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Friday, August 2, 2019

Emma the Matchmaker by Rachel John — guest review from Sophia Rose!

Sophia Rose is no stranger to The Book Rat or the Austen In August audience, having been a guest poster & featured author in every AIA for the last five years! She's back this year with her take on a 2019 release; click through to check out her thoughts, and share yours in the comments!

Emma the Matchmaker by Rachel John
Romantic Comedy
Publisher: Self/Indie
Published: 4.23.19
Pages: 155
Rating: 4 stars
Format: ebook
Source: Kindle Unlimited
Sellers: Amazon

GoodReads Blurb:
Emma Woodhouse is happily single, though that’s never stopped her from making matches for others. Her best friend, George Knightley, thinks it’s a sure way to trouble, but what’s wrong with giving romance a little nudge?

George has been fighting his feelings for Emma for years, but with families so closely intertwined, rocking the friendship boat would complicate more than just their relationship. He won’t do that to her, or ask why she keeps cuddling up next to him on the couch to watch their favorite show at night.

When a matchmaking scheme gone wrong drives a wedge between them, the last thing they want is to face each other. But when Emma’s sister goes into labor and they’re the babysitters for the weekend, they’ll have to set aside their pride and undeniable chemistry to tackle diaper duty together.

A modern take on Jane Austen's Emma with all the characters you know and love.

A light, romantic comedy can be just the thing on a hot, sultry day and I was eager to pick up this author's latest Austen-inspired modern retelling of Emma. Austen fans will recognize a favorite tale and those new to Austen will have a quick, entertaining story of a woman's (mis)adventures into matchmaking.

Emma the Matchmaker is a standalone piece that begins at the moment when her good friend Taylor has married leaving Emma a bit at loose ends. Taylor wasn't just her friend, but the long-time live in nurse for Emma's aged, fussy grandfather. Now, Taylor has taken a job in a new city and Emma must find a new nurse for her grandfather. Meanwhile, she enjoys torturing her friend George Knightley, her sister's brother in law, with her declaration that she is going to take up matchmaking as a hobby since she's so good at it- Exhibit A Taylor and West. As can be expected, George rises to this taunt and warns her on no uncertain terms not to start playing with people's lives.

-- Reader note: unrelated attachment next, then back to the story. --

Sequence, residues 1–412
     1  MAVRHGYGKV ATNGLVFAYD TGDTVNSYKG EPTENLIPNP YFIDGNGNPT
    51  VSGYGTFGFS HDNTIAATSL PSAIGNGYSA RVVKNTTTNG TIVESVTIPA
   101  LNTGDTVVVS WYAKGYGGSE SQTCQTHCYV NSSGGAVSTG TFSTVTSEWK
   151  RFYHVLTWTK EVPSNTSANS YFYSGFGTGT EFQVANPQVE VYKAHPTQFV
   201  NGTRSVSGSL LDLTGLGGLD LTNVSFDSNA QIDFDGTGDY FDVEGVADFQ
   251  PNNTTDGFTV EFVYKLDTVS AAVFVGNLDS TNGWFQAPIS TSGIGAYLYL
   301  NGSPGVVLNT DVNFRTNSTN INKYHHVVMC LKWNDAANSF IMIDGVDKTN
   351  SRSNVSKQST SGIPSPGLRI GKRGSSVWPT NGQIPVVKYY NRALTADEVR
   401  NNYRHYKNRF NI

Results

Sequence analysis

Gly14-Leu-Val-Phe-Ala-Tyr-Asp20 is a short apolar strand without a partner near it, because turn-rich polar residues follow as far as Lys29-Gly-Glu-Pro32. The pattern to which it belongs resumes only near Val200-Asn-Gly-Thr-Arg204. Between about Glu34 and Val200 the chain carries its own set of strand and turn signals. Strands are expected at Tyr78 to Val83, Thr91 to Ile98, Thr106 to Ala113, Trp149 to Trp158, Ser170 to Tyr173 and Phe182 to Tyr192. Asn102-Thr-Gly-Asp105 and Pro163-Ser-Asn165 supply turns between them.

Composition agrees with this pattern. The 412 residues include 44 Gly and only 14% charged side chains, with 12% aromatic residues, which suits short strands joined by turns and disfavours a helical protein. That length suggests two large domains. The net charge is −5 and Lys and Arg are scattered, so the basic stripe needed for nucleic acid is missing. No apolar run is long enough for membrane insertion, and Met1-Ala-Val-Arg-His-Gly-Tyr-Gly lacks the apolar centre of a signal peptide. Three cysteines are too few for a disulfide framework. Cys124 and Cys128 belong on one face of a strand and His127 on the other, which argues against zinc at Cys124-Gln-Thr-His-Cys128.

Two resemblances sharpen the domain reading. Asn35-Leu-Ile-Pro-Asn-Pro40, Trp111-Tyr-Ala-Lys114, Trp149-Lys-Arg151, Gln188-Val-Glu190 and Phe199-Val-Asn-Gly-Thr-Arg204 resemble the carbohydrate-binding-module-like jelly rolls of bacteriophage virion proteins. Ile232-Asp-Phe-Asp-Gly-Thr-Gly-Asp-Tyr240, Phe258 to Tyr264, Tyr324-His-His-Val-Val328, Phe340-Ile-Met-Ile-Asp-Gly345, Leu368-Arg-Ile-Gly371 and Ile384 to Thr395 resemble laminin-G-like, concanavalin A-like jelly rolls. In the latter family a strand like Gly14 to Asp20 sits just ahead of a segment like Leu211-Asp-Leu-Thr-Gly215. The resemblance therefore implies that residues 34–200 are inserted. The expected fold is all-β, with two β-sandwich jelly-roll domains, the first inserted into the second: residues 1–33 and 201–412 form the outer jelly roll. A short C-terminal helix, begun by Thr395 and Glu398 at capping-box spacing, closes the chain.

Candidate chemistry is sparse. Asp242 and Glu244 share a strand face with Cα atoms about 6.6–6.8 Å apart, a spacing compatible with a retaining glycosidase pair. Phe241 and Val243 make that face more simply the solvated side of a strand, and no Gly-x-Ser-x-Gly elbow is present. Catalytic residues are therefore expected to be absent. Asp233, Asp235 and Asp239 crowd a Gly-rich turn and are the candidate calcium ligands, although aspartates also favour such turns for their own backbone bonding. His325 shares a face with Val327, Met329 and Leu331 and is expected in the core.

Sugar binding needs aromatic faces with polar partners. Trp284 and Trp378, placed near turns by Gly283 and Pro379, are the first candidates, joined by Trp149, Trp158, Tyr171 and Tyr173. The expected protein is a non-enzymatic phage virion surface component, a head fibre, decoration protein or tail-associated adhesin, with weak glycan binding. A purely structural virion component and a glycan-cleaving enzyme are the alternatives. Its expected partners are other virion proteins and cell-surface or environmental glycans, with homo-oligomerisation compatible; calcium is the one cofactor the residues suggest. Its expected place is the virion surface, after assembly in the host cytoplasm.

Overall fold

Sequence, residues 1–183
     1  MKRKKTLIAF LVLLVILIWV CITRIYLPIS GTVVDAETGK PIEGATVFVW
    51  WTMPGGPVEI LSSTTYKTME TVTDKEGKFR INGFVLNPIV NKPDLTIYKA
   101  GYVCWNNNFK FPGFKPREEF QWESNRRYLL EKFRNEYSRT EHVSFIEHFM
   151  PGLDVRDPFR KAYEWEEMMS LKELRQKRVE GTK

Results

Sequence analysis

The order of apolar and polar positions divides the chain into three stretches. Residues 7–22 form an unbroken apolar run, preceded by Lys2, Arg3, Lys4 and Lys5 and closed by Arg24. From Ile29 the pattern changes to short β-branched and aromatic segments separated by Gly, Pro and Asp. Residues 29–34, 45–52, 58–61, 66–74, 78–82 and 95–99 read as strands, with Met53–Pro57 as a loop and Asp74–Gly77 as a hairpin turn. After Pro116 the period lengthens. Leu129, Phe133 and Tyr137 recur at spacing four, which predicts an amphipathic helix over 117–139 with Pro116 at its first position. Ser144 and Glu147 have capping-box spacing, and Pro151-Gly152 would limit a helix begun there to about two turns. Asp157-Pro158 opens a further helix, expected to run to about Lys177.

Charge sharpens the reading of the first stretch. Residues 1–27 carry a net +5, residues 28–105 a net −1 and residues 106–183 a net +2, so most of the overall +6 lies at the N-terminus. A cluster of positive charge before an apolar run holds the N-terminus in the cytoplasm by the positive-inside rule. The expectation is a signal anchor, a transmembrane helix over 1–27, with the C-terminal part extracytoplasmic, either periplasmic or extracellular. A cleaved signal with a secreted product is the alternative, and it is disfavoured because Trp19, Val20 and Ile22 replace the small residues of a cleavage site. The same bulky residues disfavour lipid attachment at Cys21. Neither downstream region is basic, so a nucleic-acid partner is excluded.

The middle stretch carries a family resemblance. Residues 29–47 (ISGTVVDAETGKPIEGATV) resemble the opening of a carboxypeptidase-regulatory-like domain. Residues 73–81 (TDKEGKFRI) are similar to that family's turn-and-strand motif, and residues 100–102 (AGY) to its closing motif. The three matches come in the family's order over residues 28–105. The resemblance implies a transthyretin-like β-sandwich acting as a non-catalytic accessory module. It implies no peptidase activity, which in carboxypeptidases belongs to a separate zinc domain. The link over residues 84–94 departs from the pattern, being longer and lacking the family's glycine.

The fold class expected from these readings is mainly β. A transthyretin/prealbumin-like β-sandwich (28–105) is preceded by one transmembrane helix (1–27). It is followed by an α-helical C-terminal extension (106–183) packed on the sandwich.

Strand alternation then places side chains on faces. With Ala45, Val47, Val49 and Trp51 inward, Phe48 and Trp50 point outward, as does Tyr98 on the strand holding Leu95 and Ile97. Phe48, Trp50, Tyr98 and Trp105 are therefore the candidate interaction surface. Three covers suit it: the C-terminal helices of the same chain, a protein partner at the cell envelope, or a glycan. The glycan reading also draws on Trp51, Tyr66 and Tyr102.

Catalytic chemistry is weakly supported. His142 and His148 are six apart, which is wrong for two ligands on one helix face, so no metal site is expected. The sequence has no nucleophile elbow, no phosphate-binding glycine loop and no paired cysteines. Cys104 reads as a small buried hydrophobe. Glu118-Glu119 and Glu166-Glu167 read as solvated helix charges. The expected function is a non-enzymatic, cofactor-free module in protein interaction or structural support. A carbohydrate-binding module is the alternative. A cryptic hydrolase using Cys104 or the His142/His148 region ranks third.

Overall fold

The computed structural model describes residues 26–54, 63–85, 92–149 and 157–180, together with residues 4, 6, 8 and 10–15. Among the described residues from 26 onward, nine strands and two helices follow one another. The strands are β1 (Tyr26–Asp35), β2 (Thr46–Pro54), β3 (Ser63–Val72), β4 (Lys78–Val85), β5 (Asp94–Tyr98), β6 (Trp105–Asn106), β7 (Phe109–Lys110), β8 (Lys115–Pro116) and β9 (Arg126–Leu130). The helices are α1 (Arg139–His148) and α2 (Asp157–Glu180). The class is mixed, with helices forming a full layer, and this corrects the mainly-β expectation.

George started out as friends with Emma after their siblings tied the knot, but it has gradually become something more. He doesn't want to ruin the close camaraderie they share when she has given no hint that she feels the same way about him. Now, she's trying to fix up her granddad's new nurse Harriet with her next door neighbor, Elton. George can see where Elton's interest lies and it isn't bubbly Harriet who is getting over a break-up with her boyfriend. But, Emma likes arranging people's lives and won't believe that she might just have this one wrong. It may mean their friendship and more, but he can't just say nothing.

This was a gently-paced 'comedy of errors' piece. Friends to lovers was the romance element at the center with both Emma and George alternating narration time. George is a little older than Emma, serious, and somewhat introverted, but he's a true blue guy that really cares about the seniors at his job and helping out with Mr. Woodhouse and the house needs that an old man or Emma can't do as well as hanging out with Emma after work on the couch watching reality TV with popcorn.
Emma appreciates this, but takes it for granted until she nearly loses him when she gets hung up on her own brilliance at solving her need to have a good person with her grandfather by convincing Harriet to break up with her boyfriend to fix her up with Elton the neighbor all under George's disapproving eyes. Oh, yes, you can imagine the mischief this causes and the soul searching that comes after.